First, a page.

Lockerbie bomber dock identification was ‘highly prejudicial’

A third appeal against Abdelbaset al-Megrahi's conviction began on Tuesday at the High Court in Edinburgh.

Lockerbie bomber dock identification was ‘highly prejudicial’ AAIB / Getty Images

The dock identification of the man convicted of the Lockerbie bombing was carried out in “highly prejudicial” circumstances, a court has heard.

Appeal court judges have been told that at the trial of the late Abdelbaset al-Megrahi, shopkeeper Tony Gauci identified him as resembling the man who bought clothing in his shop – later found in a suitcase containing the bomb.

The bombing of Pan Am flight 103, travelling from London to New York on December 21 1988, killed 270 people in Britain’s largest terrorist atrocity.

Former Libyan intelligence officer Megrahi, who was found guilty in 2001 of mass murder and jailed for life with a minimum term of 27 years, was the only person convicted of the attack.

A third appeal against his conviction began on Tuesday at the High Court in Edinburgh sitting as the Court of Appeal.

Claire Mitchell QC, representing the Megrahi family, said on Wednesday that the identification in the dock was “virtually of no value” as it came not long after Mr Gauci had seen a photo linking Megrahi to the bombing.

She told the court: “The circumstances in which that dock identification was made was highly prejudicial, in my submission.

“The identification was made shortly after he had seen a photograph which he had of course seen before, of an article suggesting that Mr Megrahi may have been the bomber and the court will know that the photograph itself, I think the wording of it is who planted the Lockerbie bomb and underneath there is a photograph of the appellant (Megrahi).

“So I would respectfully submit that in this case the dock identification is virtually of no value.”

Megrahi’s trial was held at a special Scottish court sitting at Camp Zeist in the Netherlands.

Ms Mitchell said that in deciding the matter the trial court does not specifically say that it placed “critical weight” on the identification in the dock but that neither did it expressly take the view that it was not relying on the dock identification.

She said that the dock identification was “something no court could have placed any weight on”.

The court heard that Mr Gauci saw an article about the Lockerbie disaster in the magazine It Torca at the end 1998 or beginning 1999 which featured a photo of Mr Megrahi.

Mr Gauci contacted police in Malta and told them that the man in the photo looked like the man who bought the items in his shop.

The panel of five judges were told that Mr Gauci was shown many photos by police over the years and said that a number of people resembled the man who bought the clothes.

Ms Mitchell said that evidence in relation to identification was of “poor quality” and said that photographs could not give an idea of someone’s build and height.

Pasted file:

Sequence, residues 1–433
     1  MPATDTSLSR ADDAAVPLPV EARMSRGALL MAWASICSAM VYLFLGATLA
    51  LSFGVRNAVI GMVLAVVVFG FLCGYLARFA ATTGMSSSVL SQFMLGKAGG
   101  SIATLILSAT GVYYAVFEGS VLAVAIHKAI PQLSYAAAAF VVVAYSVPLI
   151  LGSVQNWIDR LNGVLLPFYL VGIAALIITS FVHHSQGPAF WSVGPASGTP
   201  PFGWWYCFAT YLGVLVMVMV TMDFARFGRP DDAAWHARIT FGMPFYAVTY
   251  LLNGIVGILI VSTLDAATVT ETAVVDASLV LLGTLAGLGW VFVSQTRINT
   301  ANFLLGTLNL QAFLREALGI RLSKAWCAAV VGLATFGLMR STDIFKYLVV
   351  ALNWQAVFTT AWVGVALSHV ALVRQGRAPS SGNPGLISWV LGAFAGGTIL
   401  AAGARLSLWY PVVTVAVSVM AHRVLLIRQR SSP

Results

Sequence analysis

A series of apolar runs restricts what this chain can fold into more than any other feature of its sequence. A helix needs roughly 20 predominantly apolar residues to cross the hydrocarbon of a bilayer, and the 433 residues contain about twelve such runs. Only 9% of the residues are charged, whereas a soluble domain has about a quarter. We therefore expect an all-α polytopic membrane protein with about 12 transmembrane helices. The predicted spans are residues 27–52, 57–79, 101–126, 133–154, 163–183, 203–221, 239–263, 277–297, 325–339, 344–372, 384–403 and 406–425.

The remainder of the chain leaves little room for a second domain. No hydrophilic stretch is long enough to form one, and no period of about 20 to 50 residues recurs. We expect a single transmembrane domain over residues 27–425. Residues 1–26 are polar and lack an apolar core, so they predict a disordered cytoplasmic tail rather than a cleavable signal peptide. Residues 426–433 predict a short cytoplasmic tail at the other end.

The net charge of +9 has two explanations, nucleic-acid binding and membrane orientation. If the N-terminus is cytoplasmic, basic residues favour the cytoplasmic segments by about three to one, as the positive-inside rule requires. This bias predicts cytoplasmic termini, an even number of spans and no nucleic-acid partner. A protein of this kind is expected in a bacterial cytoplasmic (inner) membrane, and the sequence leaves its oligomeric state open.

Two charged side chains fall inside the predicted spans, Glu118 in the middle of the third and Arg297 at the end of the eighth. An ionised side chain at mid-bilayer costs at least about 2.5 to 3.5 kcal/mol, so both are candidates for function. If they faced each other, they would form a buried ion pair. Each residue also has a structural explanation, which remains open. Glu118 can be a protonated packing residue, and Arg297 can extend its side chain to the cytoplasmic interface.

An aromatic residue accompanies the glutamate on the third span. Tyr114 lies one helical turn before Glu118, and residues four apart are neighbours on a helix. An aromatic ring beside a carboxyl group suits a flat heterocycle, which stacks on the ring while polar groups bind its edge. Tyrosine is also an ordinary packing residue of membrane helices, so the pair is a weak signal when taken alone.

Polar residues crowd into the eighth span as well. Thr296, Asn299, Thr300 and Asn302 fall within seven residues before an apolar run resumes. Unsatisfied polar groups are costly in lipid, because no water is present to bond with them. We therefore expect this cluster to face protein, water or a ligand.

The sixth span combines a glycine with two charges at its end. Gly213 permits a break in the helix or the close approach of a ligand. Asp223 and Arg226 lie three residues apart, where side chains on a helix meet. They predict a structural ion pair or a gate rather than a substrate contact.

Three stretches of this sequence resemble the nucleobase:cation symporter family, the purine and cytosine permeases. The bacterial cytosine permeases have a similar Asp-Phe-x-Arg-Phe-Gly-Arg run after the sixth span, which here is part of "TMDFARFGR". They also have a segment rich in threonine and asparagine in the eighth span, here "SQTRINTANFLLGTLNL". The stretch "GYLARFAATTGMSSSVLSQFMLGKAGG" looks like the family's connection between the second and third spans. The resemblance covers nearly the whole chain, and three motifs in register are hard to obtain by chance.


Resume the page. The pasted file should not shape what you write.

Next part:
Ms Mitchell said that the case against Megrahi hangs on the date of purchase of the clothing and whether it was the 7 December 1988 or another date, and said the evidence on that issue does not bear the weight put on it.

She told the court that Mr Gauci’s evidence, particularly in relation to the date of purchase, was not reliable and was “grossly riddled with deficiencies, contradictions and inconsistencies.”

Ms Mitchell said that if the date of purchase was not 7 December the court would have had no evidence to show that Megrahi was in Malta at that time and would not have been able to use that in conjunction with the identification evidence to identify him as the purchaser of clothing and thereafter make the “vital link” with his attendance at Luqa airport on the relevant day and overcome the “major difficulty” in the Crown case in relation to how the suitcase was “ingested” onto the plane.

She said: “It’s absolutely critical to this entire case that the evidence on which the date of purchase is based bears the weight that is put on it and I would submit that it does not.”

Ms Mitchell urged the judges to acquit Megrahi.

An appeal against Megrahi’s conviction was lodged after the Scottish Criminal Cases Review Commission (SCCRC) referred the case to the High Court in March, ruling a possible miscarriage of justice may have occurred.

Judges then granted his son, Ali al-Megrahi, permission to proceed with the appeal in relation to the argument that “no reasonable jury” could have returned the verdict the court did, and on the grounds of non-disclosure of documents by the Crown.

The appeal, which is taking place virtually, began on Tuesday and is being heard before five judges including Lord President Lord Carloway.

Megrahi’s first appeal against his conviction was refused by the High Court in 2002 and was referred back five years later after an SCCRC review.

He abandoned this second appeal in 2009, shortly before his release from prison on compassionate grounds while terminally ill with cancer.

Megrahi returned to Libya and died in 2012.

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